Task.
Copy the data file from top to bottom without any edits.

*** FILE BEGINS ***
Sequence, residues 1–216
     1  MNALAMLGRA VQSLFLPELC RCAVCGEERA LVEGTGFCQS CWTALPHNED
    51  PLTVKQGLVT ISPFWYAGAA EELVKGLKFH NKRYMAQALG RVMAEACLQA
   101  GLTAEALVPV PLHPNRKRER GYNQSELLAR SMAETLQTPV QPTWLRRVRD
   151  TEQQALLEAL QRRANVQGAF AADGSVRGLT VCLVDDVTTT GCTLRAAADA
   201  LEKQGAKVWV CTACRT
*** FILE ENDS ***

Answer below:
Sequence, residues 1–216
     1  MNALAMLGRA VQSLFLPELC RCAVCGEERA LVEGTGFCQS CWTALPHNED
    51  PLTVKQGLVT ISPFWYAGAA EELVKGLKFH NKRYMAQALG RVMAEACLQA
   101  GLTAEALVPV PLHPNRKRER GYNQSELLAR SMAETLQTPV QPTWLRRVRD
   151  TEQQALLEAL QRRANVQGAF AADGSVRGLT VCLVDDVTTT GCTLRAAADA
   201  LEKQGAKVWV CTACRT